Home News Three Marine Corps veterans from diverse backgrounds describe experiences in the Corps

Three Marine Corps veterans from diverse backgrounds describe experiences in the Corps

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For three veterans of color who were at a public panel this week, joining the military was a way to escape from their very different realities.

. veterans Justice Castañeda, who is an Operation Iraqi Freedom veteran, Monica Ly, who is an Operation Enduring Freedom veteran, and Robert D. Lewis, who is a Vietnam veteran, all had family and personal reasons to join the military.

Castañeda grew up in a dysfunctional family, where his father was rarely around, and his mother was homeless. He saw many of his high school friends dying in gang violence, so he saw military service as a safe haven.

“I came to the recruiter, begging him to help me get out of all these problems,” Castañeda said. “The military was the first place where I actually found freedom. It was the first place where I was healthy, where I had my secured three meals a day, where I had a safe place to sleep for eight hours.”

Castañeda added that the military “gave me a reason to live. The military saved my life.”

Something similar happened to Ly, who is the daughter of Cambodian refugees. Ly grew up in Los Angeles County, where many in her family were gang members. She said she even considered joining a gang to fit in. During high school, after her older brother had joined the Marines, she decided it was a route she wanted to pursue.

Her parents opposed her decision, and after reaching a deal with them, she joined the Marines reserves.

“Joining the Marines was a way to escape all the gang violence surrounding me,” Ly said. “I also thought it was the honorable thing to do to serve my country.”

For Lewis, military service was also a way to escape from his family life, but his experience was completely different. He came from “a loving, church-going family.” His parents were stable, he was the youngest of his siblings, so he was living in an, apparently, perfect world. Even though his family was African-American, living in a period of segregation, his family faced no major discrimination, he said.

“I needed a change,” he said. “But I never imagined what a change I was about to experience when I joined the Marines. “White Marines called me everything imaginable except for my God-given name. I was humiliated all the time.”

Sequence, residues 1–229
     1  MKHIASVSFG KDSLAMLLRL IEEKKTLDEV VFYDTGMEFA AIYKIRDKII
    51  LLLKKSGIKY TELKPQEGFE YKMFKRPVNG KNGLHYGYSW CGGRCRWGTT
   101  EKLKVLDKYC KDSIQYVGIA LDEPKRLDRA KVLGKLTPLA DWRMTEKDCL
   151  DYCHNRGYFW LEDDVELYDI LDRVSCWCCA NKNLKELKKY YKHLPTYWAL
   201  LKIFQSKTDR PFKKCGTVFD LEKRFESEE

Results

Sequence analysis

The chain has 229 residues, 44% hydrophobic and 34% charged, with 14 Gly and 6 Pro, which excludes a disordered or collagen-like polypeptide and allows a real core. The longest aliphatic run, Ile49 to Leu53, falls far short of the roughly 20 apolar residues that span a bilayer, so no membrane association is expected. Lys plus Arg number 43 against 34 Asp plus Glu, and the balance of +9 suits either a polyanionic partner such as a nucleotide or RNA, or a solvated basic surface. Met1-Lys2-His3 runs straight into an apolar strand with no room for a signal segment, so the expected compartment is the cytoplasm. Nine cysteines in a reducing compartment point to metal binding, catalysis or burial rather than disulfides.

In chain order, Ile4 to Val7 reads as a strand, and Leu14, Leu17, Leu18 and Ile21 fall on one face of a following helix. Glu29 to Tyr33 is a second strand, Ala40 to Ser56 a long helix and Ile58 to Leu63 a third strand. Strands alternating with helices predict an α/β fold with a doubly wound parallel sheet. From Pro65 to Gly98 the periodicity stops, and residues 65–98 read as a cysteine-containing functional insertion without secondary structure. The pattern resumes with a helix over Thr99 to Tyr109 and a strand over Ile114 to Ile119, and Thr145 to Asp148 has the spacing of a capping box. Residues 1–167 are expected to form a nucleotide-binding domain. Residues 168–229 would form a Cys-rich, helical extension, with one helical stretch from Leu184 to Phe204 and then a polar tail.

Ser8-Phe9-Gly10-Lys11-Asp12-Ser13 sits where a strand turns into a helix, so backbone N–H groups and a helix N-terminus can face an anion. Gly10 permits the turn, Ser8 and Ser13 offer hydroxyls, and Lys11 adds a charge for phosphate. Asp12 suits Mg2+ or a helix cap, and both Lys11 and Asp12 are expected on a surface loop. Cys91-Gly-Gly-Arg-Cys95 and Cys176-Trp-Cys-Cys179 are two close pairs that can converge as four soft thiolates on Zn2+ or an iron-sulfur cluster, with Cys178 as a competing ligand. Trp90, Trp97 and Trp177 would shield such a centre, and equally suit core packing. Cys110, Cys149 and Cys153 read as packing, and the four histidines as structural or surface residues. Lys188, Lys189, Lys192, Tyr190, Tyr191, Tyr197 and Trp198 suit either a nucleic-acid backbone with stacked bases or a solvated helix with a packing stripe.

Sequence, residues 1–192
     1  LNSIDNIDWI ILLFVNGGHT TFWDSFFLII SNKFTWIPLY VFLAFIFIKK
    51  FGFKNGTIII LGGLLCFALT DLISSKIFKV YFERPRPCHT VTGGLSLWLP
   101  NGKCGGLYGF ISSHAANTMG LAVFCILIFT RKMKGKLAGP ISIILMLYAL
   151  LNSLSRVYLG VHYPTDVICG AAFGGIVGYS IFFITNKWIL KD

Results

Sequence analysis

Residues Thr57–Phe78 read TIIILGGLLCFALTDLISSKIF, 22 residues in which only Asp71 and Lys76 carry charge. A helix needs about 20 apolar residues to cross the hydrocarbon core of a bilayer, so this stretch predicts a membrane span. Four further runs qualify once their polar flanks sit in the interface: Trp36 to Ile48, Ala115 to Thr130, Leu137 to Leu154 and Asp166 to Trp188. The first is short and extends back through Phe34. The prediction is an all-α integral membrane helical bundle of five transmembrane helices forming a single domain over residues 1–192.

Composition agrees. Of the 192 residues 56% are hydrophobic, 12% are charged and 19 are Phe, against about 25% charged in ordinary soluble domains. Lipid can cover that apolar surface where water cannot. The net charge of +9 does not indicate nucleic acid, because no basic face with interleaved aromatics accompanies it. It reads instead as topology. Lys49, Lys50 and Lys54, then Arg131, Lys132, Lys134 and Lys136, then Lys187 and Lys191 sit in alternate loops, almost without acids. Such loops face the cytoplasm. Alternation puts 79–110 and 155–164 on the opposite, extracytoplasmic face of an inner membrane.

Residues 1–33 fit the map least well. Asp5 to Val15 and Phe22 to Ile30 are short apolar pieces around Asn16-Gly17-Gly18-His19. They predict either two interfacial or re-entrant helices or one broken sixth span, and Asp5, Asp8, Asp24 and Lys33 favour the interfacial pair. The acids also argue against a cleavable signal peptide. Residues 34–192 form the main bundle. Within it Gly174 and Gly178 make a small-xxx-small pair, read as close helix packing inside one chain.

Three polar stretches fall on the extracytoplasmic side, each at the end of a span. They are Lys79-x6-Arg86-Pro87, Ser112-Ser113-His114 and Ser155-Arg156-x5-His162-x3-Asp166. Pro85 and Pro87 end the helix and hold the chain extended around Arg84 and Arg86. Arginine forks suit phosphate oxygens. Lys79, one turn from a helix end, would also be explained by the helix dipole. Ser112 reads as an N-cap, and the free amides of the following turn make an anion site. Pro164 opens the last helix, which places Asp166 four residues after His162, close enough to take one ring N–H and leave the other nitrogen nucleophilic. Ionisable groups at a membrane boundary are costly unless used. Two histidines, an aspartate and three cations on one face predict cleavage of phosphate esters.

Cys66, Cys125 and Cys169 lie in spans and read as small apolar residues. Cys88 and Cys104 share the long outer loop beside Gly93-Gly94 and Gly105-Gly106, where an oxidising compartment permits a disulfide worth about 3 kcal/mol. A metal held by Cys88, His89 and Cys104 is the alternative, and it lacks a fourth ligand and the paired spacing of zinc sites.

The three veterans shared their experiences with the public in Changing Faces: Diversity and the Veteran Experience, a public conversation presented by Cal Humanities on Wednesday, June 11th, at the San Diego Public Library Central Auditorium.

The panel discussion was moderated by UCSD Spanish and Chicano Literature Professor and Vietnam veteran Jorge Mariscal.

The event was part of War Comes Home, a statewide initiative of Cal Humanities about veterans returning to California. The public conversation in San Diego is one of five events across California this summer designed to explore different facets of the veteran experience, according to organizers.

These conversations will kick-off a statewide reading this fall of Vietnam veteran and best-selling novelist Karl Marlantes’ book about the experience of war and coming home, What It Is Like to Go to Wa r, as well as programs at hundreds of libraries and schools throughout the state.

Just like the three veterans in the panel saw military service as a way to escape their family life, after their service they found higher education to be the right path towards a better future.

Castañeda completed his undergraduate work at UC San Diego in Urban Studies and Planning, a master’s degree in Education from Stanford University, and a Master of City Planning from the Massachusetts Institute of Technology. He’s currently completing his doctorate in Medical Sociology at the University of California, San Francisco.

Ly completed a bachelor’s degree in sociology from California State University, Fuller-ton, and is now working towards a master’s degree in Urban Planning and Public Administration at the University of Southern California.

Lewis received a bachelor’s degree with majors in chemistry and nursing. After retiring in 2012 from the V.A. San Diego Healthcare System where he worked as a registered nurse, he began work on a Ph.D. in music.

To learn more about War Comes Home, please visit.

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